By: Catherine A. Lemmer, 7 December 2015, 9/11 Hearings, Guantanamo Bay
I arrived at Andrews Air Force Base in the dark and am all checked in. I got my ticket and had a chance to read the Andrews Gazette while waiting for the rest of the NGO Observers to arrive.
I’ve introduced myself to the other NGO Observers as they arrived and I’ve handed out the newest version of our Guantanamo Bay Fair Trial Manual. There are seven observers this time, representing law schools, human rights and other non-profit organizations, and the private bar. I look forward to sharing conversations and learning from them this week.
Professor Catherine Lemmer at Andrews Air Force Base 5 December 2015
The issues before the hearing this week are of great interest — classified information, the female guard issue, the CIA interpreter issue, and the continuing conflict-of-interest issues. I was at Guantanamo Bay for the February 2015 9/11 hearings when the CIA interpreter issue stopped the hearings. I am very interested to see how that issue will be advanced. It will also be interesting to see if the recent move by the military to open all combat positions to women will have an impact on the discussion of the female guard issue.
The chatter in the departure lounge is that the week is shaping up to be very productive. It is sure to be an interesting and informative week.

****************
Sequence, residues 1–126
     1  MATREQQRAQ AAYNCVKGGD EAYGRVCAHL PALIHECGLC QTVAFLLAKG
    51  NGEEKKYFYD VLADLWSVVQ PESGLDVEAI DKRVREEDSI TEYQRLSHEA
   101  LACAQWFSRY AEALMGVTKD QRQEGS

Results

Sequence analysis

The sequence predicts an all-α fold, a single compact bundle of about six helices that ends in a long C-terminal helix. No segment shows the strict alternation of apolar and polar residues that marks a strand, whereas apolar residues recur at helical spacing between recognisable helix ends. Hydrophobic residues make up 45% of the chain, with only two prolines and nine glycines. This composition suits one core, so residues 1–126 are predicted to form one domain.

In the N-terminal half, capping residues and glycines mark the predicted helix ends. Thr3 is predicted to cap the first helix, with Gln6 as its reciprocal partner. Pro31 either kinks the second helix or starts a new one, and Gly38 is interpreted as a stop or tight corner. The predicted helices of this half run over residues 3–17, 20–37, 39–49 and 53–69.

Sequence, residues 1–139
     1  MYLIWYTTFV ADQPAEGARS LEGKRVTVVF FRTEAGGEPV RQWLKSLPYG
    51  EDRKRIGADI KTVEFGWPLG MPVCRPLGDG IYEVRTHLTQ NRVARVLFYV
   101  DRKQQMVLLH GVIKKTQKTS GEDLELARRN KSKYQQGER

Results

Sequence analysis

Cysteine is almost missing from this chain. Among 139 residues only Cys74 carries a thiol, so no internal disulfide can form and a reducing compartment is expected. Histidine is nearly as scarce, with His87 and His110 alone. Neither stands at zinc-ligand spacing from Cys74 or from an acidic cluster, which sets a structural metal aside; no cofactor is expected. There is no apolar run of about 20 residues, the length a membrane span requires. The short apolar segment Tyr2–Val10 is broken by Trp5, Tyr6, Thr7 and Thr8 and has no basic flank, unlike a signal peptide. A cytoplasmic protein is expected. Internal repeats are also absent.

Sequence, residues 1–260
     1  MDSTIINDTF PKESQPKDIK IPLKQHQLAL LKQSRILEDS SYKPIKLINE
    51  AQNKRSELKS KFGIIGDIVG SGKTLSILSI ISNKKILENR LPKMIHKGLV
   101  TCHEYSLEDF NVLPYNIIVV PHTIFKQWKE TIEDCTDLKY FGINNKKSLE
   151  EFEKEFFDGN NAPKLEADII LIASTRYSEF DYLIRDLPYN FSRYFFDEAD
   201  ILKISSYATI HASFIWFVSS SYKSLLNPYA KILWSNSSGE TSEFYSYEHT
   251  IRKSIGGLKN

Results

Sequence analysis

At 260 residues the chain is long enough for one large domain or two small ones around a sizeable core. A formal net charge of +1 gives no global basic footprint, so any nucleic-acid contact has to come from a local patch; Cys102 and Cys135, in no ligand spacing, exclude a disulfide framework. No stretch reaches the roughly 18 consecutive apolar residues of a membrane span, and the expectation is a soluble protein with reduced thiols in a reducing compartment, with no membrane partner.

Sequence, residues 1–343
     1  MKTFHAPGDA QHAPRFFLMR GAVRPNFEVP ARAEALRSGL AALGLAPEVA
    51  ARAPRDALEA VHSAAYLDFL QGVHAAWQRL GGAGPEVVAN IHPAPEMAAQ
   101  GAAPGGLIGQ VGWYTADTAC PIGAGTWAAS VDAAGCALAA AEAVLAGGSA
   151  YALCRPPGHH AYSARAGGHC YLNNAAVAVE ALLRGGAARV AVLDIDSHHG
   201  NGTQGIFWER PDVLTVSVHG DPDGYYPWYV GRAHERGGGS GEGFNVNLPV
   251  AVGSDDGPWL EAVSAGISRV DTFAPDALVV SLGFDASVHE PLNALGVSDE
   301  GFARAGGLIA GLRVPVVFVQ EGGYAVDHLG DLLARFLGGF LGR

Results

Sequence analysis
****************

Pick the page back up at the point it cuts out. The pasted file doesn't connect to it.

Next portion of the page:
By: Catherine A. Lemmer, 5 December 2015, 9/11 Hearings, Guantanamo Bay
I am en route via Chicago and Washington D.C. to Guantanamo Bay, Cuba for the first week of the 9/11 hearings. The hearings are scheduled to start at 9:00 am on Monday, 9 February 2015. Judge Pohl has ordered that all five defendants must be present in court.
The first issue to be addressed during this session is reconsideration of Judge Pohl’s order of August 2014 (AE312) to sever Ramzi bin al Shibh’s case from the other four 9/11 defendants. Mr. in al Shibh’s case was severed as a result of the prosecution’s request for a competency hearing for him as well as the conflict-of-interest matter arising from FBI investigation into his defense team. If this sounds familiar, it should. These same motions were scheduled for hearing but not heard when the December 2014 hearings were cancelled over the female guard issue.